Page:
Consider the bezel. That humble landing strip of plastic or metal that frames the screen in almost every high-tech device. Televisions have largely done away with the the wide bezels of old, at least in mid-price and better sets, extending the screen nearly all the way to the very edge for a seamless, floating look. Phones are getting closer as well, especially in forward-looking devices such as.
But laptops have lagged behind in shaving down the frame around the display, making mobile PCs look downright clunky compared to other electronic gadgets.is a step in the right direction, with edge-to-edge glass over a reasonably thin black bezel, but the still popular MacBook Air is a poster child for overly wide screen bezels, a look that has not changed in several years.
That's why thewas such a breath of fresh air when first introduced in early 2015. That slim 13-inch laptop took its high-resolution display nearly all the way to the system edge. That eye-catching design won raves from reviewers, including me -- after all, people want to look at more screen, not more bezel.
The next step in the anti-bezel revolution is a bigger version of that system, the Dell XPS 15. Like the 13-inch model, it's available with a few different resolution and component options, but unlike the XPS 13, the display can go all the way up to 4K resolution. The least exciting versions have a standard 1,920x1,080-pixel display, Intel Core i5 CPU and lack a touchscreen, but start at a very appealing $999 in the US. (It starts at £1,149 in the UK and AU$2,099 in Australia, but for a more high-end starting configuration.)
Adding a faster Core i7 processor, big solid state hard drives, a touchscreen or an Nvidia GeForce 960M graphics card steadily drives the price up until it hits $2,129, £1,599 or AU$2,999 for the configuration reviewed here, which includes all the bells and whistles.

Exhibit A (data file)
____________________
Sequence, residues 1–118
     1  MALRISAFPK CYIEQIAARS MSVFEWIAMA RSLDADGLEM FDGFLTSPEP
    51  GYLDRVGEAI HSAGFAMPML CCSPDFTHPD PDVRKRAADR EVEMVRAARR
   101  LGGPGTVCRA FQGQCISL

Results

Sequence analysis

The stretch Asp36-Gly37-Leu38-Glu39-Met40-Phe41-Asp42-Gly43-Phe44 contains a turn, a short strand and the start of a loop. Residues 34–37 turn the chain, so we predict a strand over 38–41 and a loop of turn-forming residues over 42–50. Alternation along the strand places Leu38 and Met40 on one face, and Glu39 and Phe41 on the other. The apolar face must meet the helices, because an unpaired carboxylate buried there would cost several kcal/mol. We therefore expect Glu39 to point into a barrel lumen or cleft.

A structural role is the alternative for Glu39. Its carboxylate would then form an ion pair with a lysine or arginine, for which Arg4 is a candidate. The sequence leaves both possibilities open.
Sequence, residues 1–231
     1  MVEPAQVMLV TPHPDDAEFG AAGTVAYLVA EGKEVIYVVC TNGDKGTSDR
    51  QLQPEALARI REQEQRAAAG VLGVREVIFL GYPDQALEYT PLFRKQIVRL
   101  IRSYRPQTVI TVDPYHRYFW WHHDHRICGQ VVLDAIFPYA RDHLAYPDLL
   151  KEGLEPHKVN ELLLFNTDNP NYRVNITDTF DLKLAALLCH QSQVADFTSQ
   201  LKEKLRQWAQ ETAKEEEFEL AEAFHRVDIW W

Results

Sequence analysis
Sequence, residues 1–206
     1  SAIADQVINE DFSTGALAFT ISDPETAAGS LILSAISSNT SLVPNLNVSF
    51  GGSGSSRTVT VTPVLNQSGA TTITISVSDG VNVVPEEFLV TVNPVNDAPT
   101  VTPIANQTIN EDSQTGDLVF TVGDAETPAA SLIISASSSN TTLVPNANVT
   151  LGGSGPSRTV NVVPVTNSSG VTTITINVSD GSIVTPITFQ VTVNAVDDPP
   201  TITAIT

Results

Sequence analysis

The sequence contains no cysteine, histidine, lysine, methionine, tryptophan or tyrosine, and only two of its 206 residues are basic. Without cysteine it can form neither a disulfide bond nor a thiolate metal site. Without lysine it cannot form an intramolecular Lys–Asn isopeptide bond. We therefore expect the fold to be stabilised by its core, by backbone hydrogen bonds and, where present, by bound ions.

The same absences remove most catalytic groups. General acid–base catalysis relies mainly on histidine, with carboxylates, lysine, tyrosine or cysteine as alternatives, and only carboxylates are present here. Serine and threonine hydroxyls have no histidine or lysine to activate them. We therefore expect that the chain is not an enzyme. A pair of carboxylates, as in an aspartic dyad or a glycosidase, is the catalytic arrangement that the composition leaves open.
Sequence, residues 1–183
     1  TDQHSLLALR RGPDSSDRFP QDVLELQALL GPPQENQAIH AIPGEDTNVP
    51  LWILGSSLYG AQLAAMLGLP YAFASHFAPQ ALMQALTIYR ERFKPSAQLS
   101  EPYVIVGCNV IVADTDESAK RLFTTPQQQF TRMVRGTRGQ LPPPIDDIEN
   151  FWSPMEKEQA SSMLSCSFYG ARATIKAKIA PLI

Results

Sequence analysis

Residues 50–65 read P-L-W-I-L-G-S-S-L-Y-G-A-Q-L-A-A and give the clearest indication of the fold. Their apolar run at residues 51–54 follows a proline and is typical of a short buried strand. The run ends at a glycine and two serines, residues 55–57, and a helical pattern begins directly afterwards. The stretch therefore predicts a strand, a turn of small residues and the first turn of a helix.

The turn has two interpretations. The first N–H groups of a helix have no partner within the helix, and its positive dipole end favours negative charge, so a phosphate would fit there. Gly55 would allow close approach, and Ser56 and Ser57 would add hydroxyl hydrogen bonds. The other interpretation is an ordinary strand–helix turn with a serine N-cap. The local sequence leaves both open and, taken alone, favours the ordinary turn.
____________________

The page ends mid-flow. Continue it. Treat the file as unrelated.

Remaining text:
The end result is a machine that looks and feels much like a 15-inch MacBook Pro , but one that also outdoes the Apple version in many areas. The MacBook Pro doesn't offer 4K displays, nor touchscreen options. Configuring a 15-inch Retina-display MacBook Pro with a similarly large 512GB SSD and the AMD Radeon R9 M370 graphics card boosts that system's price to $2,499 in the US, although the Radeon is not as gamer-friendly as the Nvidia 960M found here (which may be a moot point, as Apple's OS X limits the games available in the first place).
Dell XPS 15
|Price as reviewed||$2,129, £1,599 or AU$2,999|
|Display size/resolution||15.6-inch 3,840x2,160 touch display|
|PC CPU||2.6GHz Intel Core i7-6700HQ|
|PC Memory||16GB DDR4 SDRAM 2,133MHz|
|Graphics||2GB Nvidia Geforce GTX 960M|
|Networking||802.11ac wireless, Bluetooth 4.0|
|Operating system||Windows 10 Home (64-bit)|
But specs aside, this is a laptop that will draw the eye of anyone who passes by while it sits open. The larger screen against the thin bezel feels even more impressive than in the 13-inch version, because there's an even greater screen-to-edge ratio at play here. Note that, like the 13-inch model, the lack of bezel real estate means the webcam has been moved to a spot below the screen, right above the hinge. It can make for some less-than-flattering up-the-nose shots if you're not careful.
The interior is matte black, with a backlit but otherwise featureless keyboard sitting above a large button-less touchpad. The keyboard feels small, considering how wide the XPS is. Function keys are helpfully reversed, with a single tap controlling volume and brightness, rather than a function-key-plus-FN-button combo as still required by many laptops. The touchpad has a pleasing matte surface, but also has some of the same floaty feeling as the 13-inch XPS 13 had last year. It's still very usable, but doesn't feel quite as tight as on the best Windows laptops or a MacBook.